Legal Law

Section 107 of the US federal copyright law and your duty as a writer

Under section 107 of the United States Federal Copyright Act, there is a “fair use doctrine” that allows you to quote information from someone else’s work as long as you provide the source and give you credit. Good to know for an online writer because it gives you the ability to provide references and meaningful information to those who read your works.

Unfortunately, the fair use doctrine is being pushed to the limit with many online websites, online writers, and those selling PRL articles or proprietary tag content. What these people have been doing is collecting snippets of others’ works, putting them into articles, and selling them to unknown writers to put their names on. Or worse yet, split up thousands of articles and put them into searchable databases on a CR ROM for authors and writers to use to improve their work. I had once heard of an MIT project that took old quotes from famous people and I assume they were in the public domain; things that Thomas Jefferson, Benjamin Franklin, and Winston Churchill had said that the author could use.

Others are using this idea to program artificial intelligent robots so that they can interact with people. Of course, that makes sense now that the technology is under attack, as it clearly crosses the line of copyright law; Or do those who are doing this claim that they are within the law?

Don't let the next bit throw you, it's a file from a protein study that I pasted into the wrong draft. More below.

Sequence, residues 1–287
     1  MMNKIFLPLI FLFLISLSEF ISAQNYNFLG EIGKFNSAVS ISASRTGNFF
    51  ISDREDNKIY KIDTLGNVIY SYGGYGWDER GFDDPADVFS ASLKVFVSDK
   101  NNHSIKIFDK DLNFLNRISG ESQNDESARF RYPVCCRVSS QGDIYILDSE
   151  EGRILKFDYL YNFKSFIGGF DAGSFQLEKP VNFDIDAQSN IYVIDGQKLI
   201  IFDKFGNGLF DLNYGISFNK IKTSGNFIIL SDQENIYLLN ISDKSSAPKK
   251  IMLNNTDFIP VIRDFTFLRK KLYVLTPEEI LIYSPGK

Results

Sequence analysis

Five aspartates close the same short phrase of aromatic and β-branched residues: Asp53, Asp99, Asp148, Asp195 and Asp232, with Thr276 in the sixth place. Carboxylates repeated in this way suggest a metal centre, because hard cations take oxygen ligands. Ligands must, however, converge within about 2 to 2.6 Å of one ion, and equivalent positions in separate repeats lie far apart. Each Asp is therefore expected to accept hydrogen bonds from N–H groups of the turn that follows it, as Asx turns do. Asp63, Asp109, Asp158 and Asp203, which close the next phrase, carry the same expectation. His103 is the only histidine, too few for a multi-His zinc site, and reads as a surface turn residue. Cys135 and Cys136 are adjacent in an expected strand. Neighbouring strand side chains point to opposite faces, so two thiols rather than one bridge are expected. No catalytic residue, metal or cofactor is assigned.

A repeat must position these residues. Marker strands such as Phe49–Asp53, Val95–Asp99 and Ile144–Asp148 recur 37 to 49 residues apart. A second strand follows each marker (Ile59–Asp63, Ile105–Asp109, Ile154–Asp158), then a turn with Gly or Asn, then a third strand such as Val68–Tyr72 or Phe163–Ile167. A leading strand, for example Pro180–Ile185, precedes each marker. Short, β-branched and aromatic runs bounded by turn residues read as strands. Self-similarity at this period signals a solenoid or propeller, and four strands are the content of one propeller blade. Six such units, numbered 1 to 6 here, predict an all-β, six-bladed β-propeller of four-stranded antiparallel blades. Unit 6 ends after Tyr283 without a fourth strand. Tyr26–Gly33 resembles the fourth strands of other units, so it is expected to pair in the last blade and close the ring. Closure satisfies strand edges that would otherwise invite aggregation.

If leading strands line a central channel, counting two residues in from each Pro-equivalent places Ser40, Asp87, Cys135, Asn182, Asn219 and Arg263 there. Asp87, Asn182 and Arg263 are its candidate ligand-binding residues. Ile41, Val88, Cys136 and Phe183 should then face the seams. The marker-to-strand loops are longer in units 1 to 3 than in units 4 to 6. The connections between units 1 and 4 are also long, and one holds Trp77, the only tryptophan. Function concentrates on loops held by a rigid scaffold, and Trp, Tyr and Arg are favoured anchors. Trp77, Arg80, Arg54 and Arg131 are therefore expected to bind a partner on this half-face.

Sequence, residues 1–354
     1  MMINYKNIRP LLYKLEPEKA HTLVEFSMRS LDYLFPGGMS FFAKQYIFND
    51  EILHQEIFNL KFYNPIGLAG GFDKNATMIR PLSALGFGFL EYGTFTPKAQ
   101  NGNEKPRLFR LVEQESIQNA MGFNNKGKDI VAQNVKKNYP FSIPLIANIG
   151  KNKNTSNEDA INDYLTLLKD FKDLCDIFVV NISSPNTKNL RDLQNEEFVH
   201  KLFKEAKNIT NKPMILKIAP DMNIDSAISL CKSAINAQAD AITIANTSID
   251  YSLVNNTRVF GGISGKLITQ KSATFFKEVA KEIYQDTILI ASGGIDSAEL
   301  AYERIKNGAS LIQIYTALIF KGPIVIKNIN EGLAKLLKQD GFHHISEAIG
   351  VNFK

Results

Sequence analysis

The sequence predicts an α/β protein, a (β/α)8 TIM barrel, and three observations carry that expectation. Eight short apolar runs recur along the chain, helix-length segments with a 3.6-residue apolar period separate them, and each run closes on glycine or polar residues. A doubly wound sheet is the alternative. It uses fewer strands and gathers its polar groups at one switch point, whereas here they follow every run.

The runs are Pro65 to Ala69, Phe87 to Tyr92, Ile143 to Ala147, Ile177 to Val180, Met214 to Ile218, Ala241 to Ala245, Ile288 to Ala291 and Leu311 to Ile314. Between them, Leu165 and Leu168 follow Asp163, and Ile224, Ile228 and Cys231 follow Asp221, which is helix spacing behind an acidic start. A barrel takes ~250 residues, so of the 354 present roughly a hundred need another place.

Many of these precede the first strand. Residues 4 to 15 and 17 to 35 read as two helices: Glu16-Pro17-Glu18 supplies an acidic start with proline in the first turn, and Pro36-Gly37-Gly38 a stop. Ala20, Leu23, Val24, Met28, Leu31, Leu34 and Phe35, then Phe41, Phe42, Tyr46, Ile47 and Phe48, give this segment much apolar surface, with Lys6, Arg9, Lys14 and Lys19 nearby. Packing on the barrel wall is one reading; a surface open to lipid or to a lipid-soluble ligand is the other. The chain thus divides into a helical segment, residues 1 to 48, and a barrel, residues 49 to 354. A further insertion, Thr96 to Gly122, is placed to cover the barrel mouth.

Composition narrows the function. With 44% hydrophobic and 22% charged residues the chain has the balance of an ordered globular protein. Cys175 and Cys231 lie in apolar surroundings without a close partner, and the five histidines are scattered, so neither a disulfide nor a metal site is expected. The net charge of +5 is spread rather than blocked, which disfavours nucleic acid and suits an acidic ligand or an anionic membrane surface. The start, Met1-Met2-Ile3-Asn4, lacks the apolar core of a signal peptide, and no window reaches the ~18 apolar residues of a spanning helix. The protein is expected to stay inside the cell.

Some Berkeley kids came up with Genius software for MS Word that would do something similar and make the person look really smart. I also know that there is a program that writers can buy that has little snippets of history to make it sound smart. I hope this is all legit, but I can see how a “lazy” software programmer would just pick up sentences from news articles and use them.

Although I can tell you that many reporters also use them to make their stories faster. Which makes me wonder if the news source is copyrighted, they are writing what is already copyrighted over and over again, which was inevitably stolen from someone to make the show or article in the first place. place. It gets pretty weird.

The WSJ also did an interesting article on plagiarism and copyright issues on the net this week. In fact, it was our number one most viewed topic on our online think tank forum recently. Personally, as an amateur writer; I would never use these things, but for someone just starting out as a writer and to help fill out their articles with a more attractive substance, I can see the temptation, although if you don’t know who you’re getting it from, you might be putting your own hand in the copyrighted meat grinder too.

You know this is really a bummer, sad to see this continue. It really takes away from those who really work hard to make their work meaningful and spend time considering how they convey their message and really expose the creativity to express their point of view or tell important information. It is a pity that this happens. I understand why it’s happening, but I feel bad in the same way that many writers who have had their work stolen do over the whole thing. So consider this in 2006.

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